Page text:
We’ve all seen that guy—the one mopping up his forehead over a basket of hot wings or taking the chef to task over a yawn-worthy Pad Thai that boasted a four-chili-pepper rating on the menu. (And by “seen,” we mean “been.” We’ve been that guy.)
Once the sweat and tears have subsided and we’ve regained our composure, we inevitably find ourselves wondering why exactly we insist on enduring that level of discomfort in the name of a spicy dish—and, more importantly, whether we’re doing irreversible damage in the process.
With San Diego Restaurant Week just a few weeks away, we’re here to clear up the misconceptions so you can clear your palate for eight days of the city’s best in spicy fare—or whichever of the 180-plus gastronomic experiences in which you decide to indulge.
‘Spicy’ Isn’t Exactly a Flavor
Sweet, salty, bitter, sour and umami (aka, savory)—these are the five basic tastes recognized by our taste receptors. Notice how spicy isn’t one of them? That’s because it isn’t so much a taste as it is a pain signal.
Let’s back up a second. In order to understand why our brains interpret spice as pain, it’s important to first understand, on a basic level, how the human tongue works. The tongue has millions of microscopic receptors that allow us to taste flavor, as well as a whole other set of receptors that enable us to feel pain—those are called VR1 receptors. When a piece of spicy food hits your tongue, it sends a signal to your brain, which interprets it as something physically hot and, in turn, cues the burning sensation we all know too well.
Capsaicin is the Culprit
Capsaicin is a chemical found in chili peppers and the active ingredient that makes spicy food, well, spicy. It’s also the thing that tricks your taste buds into thinking there is something actually hot in your mouth—and the trigger for the fire alarm set off by your brain. And if you’ve ever forgotten to put on a pair of kitchen gloves before chopping up a hot pepper—or worse, forgotten you chopped up a hot pepper and then accidentally rubbed your eyes—capsaicin is the one to blame for that burning sensation, too.
Myth: Spicy Food Destroys Taste Buds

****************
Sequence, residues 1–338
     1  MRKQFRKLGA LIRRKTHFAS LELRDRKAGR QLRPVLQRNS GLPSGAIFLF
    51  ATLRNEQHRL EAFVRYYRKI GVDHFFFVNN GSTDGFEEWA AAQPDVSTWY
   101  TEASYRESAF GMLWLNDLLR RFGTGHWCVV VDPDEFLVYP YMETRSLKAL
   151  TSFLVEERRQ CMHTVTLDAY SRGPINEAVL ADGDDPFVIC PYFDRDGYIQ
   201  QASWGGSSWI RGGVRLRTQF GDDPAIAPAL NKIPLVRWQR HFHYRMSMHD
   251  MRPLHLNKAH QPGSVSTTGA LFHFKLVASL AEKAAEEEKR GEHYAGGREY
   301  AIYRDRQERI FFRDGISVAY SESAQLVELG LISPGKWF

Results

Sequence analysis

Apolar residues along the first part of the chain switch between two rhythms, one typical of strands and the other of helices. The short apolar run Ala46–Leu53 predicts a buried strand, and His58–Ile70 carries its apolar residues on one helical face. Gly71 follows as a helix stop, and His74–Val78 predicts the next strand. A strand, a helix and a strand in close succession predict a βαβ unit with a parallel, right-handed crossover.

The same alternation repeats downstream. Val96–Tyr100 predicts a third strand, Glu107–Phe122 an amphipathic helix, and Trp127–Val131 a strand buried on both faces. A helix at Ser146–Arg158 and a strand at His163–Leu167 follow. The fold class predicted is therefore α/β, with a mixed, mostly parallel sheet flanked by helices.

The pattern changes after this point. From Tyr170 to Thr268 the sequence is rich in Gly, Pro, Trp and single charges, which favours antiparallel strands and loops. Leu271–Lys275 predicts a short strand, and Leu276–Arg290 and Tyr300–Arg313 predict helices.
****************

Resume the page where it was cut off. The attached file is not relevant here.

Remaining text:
While intensely spicy food can have some undesirable effects on parts of the body we won’t mention here, the good news is, it doesn’t actually destroy your taste buds—it just numbs them. The common misconception that too much spicy food can lead to the inability to taste is a myth that’s been debunked by seasoned scientists and amateur foodies alike. The loss of sensation might make you think your taste buds are dying, but it’s only a temporary effect. You should be back to normal and ready for your next vindaloo within 24 hours.
How to Beat the Heat
If the burning sensation we feel from eating spicy food is actually our brain interpreting it as something extremely hot in temperature, then cold water should naturally be the solution, right?
Unfortunately, no. Water doesn’t really help at all in this instance and, in fact, can make things worse. Capsaicin is insoluble in water, which means it does nothing but actually spread the sensation further around your mouth when you take a sip. While it may be tempting to reach for that glass of ice water on the table, you’ll fare much better with a dairy product like milk or sour cream, or a sugary drink like juice or even wine, as sugar blocks capsaicin from attaching to your pain receptors.
What Have We Learned?
Now that we’ve gotten to the bottom of why exactly spicy food makes us feel as if we may spontaneously combust, let’s take a moment to investigate why we do this to ourselves in the first place. For starters, research has shown that spicy food can boost your metabolism and may even lead to a slightly longer life. But gratuitous statistics aside, let’s be real—we do it because as painful as it may be, the pleasure of consuming the vibrant, world-class cuisine we are lucky to enjoy as San Diegans far outweighs the temporary pain of our mind literally playing tricks on us.
So, eat more spicy food, wash it down with a glass of wine and sweat it out with us during #SDRW2018.